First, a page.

EPA head mum on White House influence in California emissions waiver denial

[JURIST] The head of the US Environmental Protection Agency on Wednesday refused to say whether the White House had pressured the agency to reject California's request for a waiver that would have allowed the state to impose stricter greenhouse gas emissions standards on cars and light trucks. During testimony [statement, PDF] before the Senate Committee on the Environment and Public Works [official website], EPA Administrator Stephen L. Johnson [official profile] said that he had held routine discussions with White House officials about the waiver, but would not say whether the White House had influenced his decision. Johnson's testimony comes one day after internal documents [press release and excerpts; JURIST report] released by committee chairman Sen. Barbara Boxer (D-CA) [official website] revealed that EPA agents had urged Johnson to approve the waiver, saying that a denial could compromise the agency's integrity. AP has more.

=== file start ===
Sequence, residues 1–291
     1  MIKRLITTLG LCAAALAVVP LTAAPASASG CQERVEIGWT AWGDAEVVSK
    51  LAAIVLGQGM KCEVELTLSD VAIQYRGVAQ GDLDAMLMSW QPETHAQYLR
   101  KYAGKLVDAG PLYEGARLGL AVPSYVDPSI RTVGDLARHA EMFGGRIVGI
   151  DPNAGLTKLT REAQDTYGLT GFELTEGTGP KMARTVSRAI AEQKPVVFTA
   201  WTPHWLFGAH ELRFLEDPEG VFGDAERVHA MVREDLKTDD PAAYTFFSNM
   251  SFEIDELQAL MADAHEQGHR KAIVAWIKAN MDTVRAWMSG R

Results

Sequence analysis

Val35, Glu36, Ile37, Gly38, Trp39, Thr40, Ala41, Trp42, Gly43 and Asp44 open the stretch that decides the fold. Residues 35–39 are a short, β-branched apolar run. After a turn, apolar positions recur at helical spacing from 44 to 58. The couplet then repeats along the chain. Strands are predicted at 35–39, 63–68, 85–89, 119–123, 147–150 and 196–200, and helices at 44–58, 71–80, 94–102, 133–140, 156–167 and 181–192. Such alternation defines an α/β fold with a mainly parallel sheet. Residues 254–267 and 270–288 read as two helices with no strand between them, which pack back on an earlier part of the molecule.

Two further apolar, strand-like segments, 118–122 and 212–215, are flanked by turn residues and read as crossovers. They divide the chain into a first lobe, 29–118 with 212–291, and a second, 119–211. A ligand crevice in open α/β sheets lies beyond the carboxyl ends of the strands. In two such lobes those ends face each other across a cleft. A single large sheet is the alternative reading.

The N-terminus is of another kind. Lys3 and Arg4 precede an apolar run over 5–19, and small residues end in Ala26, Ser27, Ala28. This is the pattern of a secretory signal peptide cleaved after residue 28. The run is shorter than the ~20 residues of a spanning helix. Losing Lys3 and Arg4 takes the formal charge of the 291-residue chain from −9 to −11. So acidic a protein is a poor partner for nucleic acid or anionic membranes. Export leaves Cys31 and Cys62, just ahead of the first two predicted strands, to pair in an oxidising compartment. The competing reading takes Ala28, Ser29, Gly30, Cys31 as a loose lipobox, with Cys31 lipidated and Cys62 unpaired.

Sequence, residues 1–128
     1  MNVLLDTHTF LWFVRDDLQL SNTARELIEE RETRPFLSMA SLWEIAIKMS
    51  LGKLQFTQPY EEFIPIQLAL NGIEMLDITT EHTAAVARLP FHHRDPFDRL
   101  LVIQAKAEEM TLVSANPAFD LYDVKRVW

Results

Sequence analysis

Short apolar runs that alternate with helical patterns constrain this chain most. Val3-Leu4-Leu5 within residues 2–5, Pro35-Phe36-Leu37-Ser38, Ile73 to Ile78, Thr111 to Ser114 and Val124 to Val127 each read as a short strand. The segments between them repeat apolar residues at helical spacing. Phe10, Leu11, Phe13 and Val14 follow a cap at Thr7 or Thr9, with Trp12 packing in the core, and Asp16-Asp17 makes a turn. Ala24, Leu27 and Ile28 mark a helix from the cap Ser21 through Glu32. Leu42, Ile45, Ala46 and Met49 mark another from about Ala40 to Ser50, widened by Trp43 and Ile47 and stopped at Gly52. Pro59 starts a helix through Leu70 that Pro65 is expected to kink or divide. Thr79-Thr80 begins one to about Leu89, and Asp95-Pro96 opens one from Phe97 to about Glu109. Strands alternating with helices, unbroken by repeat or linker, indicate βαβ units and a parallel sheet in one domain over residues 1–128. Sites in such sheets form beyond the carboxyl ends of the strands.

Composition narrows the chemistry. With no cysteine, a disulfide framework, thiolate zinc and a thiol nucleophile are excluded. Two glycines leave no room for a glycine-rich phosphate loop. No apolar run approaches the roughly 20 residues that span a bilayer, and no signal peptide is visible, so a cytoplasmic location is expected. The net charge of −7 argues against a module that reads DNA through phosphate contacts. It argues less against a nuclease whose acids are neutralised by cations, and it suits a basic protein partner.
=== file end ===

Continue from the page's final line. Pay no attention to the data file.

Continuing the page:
In December 2007, the EPA denied [rejection letter, PDF; JURIST report] California's request for a waiver, with Johnson saying that a unified national standard for greenhouse gas regulation was preferable to a state-by-state network of regulations and pointing to the Energy Independence and Security Act of 2007 [HR 6 materials; WH fact sheet], signed into law that month by President George W. Bush. After the EPA decision, the Senate Environment and Public Works Committee and the House Oversight and Government Reform Committee [official website] said they would hold hearings on the issue, and EPA General Counsel Roger Martella, Jr. issued a memo instructing EPA employees to produce all communications between the EPA and the White House [JURIST report] in response to the inquiries. Boxer said Tuesday that the EPA had not yet released these communications.



 

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